Many of my diabetic patients tell me that they are careful to avoid CARROTS, because they have such a high glycemic index. The same is true for fruits ("don't worry, Dr. Grimes, I KNOW not to eat bananas or apples!") Seriously? I believe with all my heart that everyone SHOULD know deep down that carrots and fruits are HEALTHY choices. Diabetic or not, these foods should be part of your healthy diet. Okay, yes, if eaten alone, carrots can transiently raise your blood sugar, but if you have adult onset diabetes, it is WEIGHT LOSS that will ultimately improve your blood sugars. I have yet to meet a SINGLE person who is overweight from eating too many fruits and vegetables. It simply does not happen.
If you are overweight, please take an honest look at what you are eating. In fact, write it down- all of it- for a few days. Perhaps the daily Starbucks muffin & latte have a little something to do with your extra calories...And while lettuce, carrots, tomatoes and cucumbers are all healthy, low calorie choices, adding tons of croutons, sunflower seeds, cheese and a generous amount of ranch dressing take a healthy salad and push the calories too high to help with a weight loss plan.
Carrots are a wonderful source of nutrition. They are packed with provitamin A, vitamin E and vitamin K. Carrots satisfy the need to crunch and work beautifully to scoop up hummus as an afternoon snack.
BOTTOM LINE: Recognize that no one is UNHEALTHY from eating too many fruits and vegetables. Ramp up these foods, limit processed "junk", and talk to a registered dietitian if you want to get serious about improving your diet!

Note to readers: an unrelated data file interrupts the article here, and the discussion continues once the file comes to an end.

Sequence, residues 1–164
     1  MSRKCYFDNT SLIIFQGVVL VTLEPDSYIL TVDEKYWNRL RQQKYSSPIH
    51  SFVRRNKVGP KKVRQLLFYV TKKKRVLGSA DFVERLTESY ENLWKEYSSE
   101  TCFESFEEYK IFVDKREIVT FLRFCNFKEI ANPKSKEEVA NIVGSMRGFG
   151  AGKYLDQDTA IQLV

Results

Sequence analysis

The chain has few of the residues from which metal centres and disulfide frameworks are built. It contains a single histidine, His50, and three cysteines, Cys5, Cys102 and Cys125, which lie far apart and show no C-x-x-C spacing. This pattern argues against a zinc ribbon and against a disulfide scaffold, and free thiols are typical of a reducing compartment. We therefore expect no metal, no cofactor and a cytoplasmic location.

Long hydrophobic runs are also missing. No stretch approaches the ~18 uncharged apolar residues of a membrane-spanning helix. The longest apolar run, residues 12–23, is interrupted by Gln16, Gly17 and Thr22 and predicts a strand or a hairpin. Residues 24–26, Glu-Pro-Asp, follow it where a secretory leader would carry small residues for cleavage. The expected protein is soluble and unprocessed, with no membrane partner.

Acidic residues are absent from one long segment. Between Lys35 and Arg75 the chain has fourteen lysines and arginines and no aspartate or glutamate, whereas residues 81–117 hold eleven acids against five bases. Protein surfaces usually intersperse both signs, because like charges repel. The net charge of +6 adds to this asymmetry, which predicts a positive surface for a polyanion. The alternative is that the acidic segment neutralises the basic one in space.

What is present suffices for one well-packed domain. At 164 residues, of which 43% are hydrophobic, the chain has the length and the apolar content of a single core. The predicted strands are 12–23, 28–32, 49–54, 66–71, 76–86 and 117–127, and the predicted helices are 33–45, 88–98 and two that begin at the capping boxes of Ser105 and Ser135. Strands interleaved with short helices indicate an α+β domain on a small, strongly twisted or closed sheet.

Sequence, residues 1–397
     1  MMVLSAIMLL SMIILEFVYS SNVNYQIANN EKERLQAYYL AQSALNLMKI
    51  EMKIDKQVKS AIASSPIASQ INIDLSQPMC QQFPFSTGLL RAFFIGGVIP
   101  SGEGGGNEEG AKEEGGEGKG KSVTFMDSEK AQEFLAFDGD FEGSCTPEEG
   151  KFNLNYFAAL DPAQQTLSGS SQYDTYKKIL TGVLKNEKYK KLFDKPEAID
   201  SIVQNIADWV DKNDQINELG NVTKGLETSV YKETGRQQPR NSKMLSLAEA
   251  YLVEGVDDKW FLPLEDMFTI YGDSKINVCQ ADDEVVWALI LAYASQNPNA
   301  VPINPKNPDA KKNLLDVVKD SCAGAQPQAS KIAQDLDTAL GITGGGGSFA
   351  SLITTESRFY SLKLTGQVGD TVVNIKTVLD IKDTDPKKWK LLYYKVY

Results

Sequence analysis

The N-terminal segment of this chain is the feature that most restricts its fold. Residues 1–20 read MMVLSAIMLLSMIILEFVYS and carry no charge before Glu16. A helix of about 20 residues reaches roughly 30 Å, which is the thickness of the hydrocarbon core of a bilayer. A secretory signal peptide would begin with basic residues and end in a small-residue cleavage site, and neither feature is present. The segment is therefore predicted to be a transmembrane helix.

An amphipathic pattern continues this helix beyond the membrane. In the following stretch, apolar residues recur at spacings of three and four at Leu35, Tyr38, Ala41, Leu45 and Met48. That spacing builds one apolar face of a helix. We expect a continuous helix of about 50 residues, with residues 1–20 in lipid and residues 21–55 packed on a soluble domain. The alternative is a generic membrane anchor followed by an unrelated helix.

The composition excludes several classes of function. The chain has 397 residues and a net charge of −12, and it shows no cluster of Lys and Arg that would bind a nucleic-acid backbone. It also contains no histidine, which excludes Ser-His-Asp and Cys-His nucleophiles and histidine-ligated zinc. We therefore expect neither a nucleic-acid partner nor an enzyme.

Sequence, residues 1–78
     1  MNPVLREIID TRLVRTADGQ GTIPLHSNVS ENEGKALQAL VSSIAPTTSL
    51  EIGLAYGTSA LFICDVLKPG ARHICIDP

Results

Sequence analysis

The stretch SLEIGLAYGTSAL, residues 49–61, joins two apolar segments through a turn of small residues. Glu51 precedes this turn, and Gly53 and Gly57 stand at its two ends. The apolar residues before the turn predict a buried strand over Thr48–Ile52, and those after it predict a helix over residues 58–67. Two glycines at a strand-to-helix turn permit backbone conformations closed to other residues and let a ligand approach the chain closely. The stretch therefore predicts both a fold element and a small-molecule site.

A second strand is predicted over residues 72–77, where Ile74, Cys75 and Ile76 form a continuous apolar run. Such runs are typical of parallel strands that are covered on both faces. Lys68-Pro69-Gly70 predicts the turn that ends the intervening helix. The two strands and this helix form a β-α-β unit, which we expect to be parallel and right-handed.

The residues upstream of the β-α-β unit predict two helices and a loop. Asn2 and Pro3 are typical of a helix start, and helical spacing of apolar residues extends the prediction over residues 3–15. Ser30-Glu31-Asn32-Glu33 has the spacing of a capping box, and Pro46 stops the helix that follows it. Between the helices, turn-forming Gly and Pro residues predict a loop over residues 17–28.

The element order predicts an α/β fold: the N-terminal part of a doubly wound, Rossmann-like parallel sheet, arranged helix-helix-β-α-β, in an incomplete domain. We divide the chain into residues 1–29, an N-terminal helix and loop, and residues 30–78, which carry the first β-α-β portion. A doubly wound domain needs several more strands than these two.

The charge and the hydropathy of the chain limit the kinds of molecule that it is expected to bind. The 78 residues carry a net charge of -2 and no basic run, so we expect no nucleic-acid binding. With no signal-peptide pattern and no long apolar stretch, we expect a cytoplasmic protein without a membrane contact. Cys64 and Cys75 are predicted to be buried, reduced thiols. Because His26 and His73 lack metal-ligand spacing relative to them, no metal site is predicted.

Tuesday, January 10, 2012
January is a great time to focus on your health, as we all feel that sense of renewal and a "clean slate" start-over. Rather than jumping into a strict diet that consists only of twigs & berries, why not start with JUST ONE MEAL? We eat (in theory) twenty one meals per week, right? (As an aside, if you are skipping breakfast, please start with adding IN that meal before anything else.)
I would like to suggest that you commit to having ONE vegetarian meal per week, and ONE meal that includes FISH as an entree. Vegetarian meals do not need to be bland, by the way. Picture a delicious taco salad, but with beans instead of beef or chicken. I often have the do-it-yourself version of this at home by making nachos loaded up with beans, onions, lettuce & tomatoes. Or you might try a colorful collection of veggies sautéed in olive oil and serve them over a bed of pasta or rice. I find that keeping bags of chopped onions, shredded carrots and bite-sized tomatoes minimizes my prep time and therefore makes it far more likely that I will include them in my lunch when I only have ten or fifteen minutes to prepare & eat it.